## digitalmars.D.learn - is it possible to define a property to access (read/write) a matrix?

• Charles D Hixson (3/3) Jul 25 2006 If it is possible, then could someone point me to where it's
• Mike Parker (16/20) Jul 27 2006 Do you mean like this?
• Charles D Hixson (29/53) Jul 27 2006 Thank you, yes.
• Hasan Aljudy (4/66) Jul 27 2006 Note that float vals[][] in D is actually a jagged array.
• Charles D Hixson (6/18) Jul 28 2006 I'm sure you're right. I'd planned to allocate a static
• Chris Nicholson-Sauls (4/28) Jul 28 2006 I'm not sure I understand the limitation, but if you mean what I think y...
• Hasan Aljudy (2/26) Jul 28 2006 uhh .. static array means array allocated at compile time ^_^'
• Charles D Hixson (6/35) Jul 29 2006 Which is probably where I went wrong. I was thinking of
• Stewart Gordon (35/63) Jul 30 2006 What is there to be not sure about about it? Whether you can shorten
```If it is possible, then could someone point me to where it's
documented?  Or show me an example of how?

Thank you.
```
Jul 25 2006
```Charles D Hixson wrote:
If it is possible, then could someone point me to where it's
documented?  Or show me an example of how?

Thank you.

Do you mean like this?

class MyMatrix
{
float opIndex(uint i, uint j)
{
return values[i][j];
}

float opIndexAssign(float val, uint i, uint j)
{
values[i][j] = val;
}
}

MyMatrix mat = new mat;
mat[0,0] = 0.0f;
float f = mat[0,0];
```
Jul 27 2006
```Mike Parker wrote:
Charles D Hixson wrote:
If it is possible, then could someone point me to where it's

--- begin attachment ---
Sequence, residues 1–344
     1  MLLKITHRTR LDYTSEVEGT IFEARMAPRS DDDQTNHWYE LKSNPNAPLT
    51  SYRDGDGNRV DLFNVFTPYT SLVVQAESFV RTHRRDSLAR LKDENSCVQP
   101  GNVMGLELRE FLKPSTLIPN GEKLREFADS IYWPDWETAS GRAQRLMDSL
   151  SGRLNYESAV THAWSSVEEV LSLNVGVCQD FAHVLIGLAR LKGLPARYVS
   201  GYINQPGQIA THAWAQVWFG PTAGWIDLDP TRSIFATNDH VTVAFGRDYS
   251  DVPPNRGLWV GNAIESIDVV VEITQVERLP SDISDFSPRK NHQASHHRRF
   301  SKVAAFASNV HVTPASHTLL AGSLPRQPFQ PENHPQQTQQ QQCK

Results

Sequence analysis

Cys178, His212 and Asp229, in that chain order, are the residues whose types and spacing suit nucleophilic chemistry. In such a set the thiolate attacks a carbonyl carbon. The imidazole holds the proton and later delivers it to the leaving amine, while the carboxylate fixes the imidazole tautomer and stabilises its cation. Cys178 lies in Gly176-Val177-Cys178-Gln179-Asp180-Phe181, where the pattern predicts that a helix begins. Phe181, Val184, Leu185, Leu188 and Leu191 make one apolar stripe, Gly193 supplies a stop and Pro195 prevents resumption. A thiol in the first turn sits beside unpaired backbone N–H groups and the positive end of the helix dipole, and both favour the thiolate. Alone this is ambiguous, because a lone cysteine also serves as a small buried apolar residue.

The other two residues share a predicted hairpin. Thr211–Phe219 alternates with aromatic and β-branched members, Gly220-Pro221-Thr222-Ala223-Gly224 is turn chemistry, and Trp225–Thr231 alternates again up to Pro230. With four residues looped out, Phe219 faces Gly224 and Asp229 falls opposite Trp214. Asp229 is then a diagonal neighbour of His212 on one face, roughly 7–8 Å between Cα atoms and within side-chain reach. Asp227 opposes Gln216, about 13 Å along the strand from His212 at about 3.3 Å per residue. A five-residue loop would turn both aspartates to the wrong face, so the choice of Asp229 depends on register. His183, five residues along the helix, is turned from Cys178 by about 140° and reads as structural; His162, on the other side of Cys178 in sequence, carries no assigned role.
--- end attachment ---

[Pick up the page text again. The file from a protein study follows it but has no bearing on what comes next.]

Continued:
documented?  Or show me an example of how?

Thank you.

Do you mean like this?

class MyMatrix
{
float opIndex(uint i, uint j)
{
return values[i][j];
}

float opIndexAssign(float val, uint i, uint j)
{
values[i][j] = val;
}
}

MyMatrix mat = new mat;
mat[0,0] = 0.0f;
float f = mat[0,0];

Thank you, yes.

something else...but if that works it does precisely what I
wanted better than custom properties would.

look more like:

class MyMatrix
{
float at(uint i, uint j)
{
return values[i][j];
}

float at(float val, uint i, uint j)
{
values[i][j] = val;
}
}

MyMatrix mat = new mat;
mat.at(0,0) = 0.0f;
float f = mat.at(0,0);

where the property is "at".  Knowing this would still be
useful, as I might some time want to access things via more
than one method (imagine I had sorted indexes, and was
retrieving the same thing sometimes by name and sometimes by
date, and occasionally by record number).
Still, if this works for opIndexAssign, it probably works
for all properties.
```
Jul 27 2006
```Charles D Hixson wrote:
Mike Parker wrote:

Charles D Hixson wrote:

If it is possible, then could someone point me to where it's
documented?  Or show me an example of how?

Thank you.

Do you mean like this?

class MyMatrix
{
float opIndex(uint i, uint j)
{
return values[i][j];
}

float opIndexAssign(float val, uint i, uint j)
{
values[i][j] = val;
}
}

MyMatrix mat = new mat;
mat[0,0] = 0.0f;
float f = mat[0,0];

Thank you, yes.

something else...but if that works it does precisely what I
wanted better than custom properties would.

look more like:

class MyMatrix
{
float at(uint i, uint j)
{
return values[i][j];
}

float at(float val, uint i, uint j)
{
values[i][j] = val;
}
}

MyMatrix mat = new mat;
mat.at(0,0) = 0.0f;
float f = mat.at(0,0);

where the property is "at".  Knowing this would still be
useful, as I might some time want to access things via more
than one method (imagine I had sorted indexes, and was
retrieving the same thing sometimes by name and sometimes by
date, and occasionally by record number).
Still, if this works for opIndexAssign, it probably works
for all properties.

Note that float vals[][] in D is actually a jagged array.
I think it would be a better idea to store the matrix internally as a
one-dimensional array.
```
Jul 27 2006
```Hasan Aljudy wrote:

Charles D Hixson wrote:
Mike Parker wrote:

Charles D Hixson wrote:

...

Note that float vals[][] in D is actually a jagged array.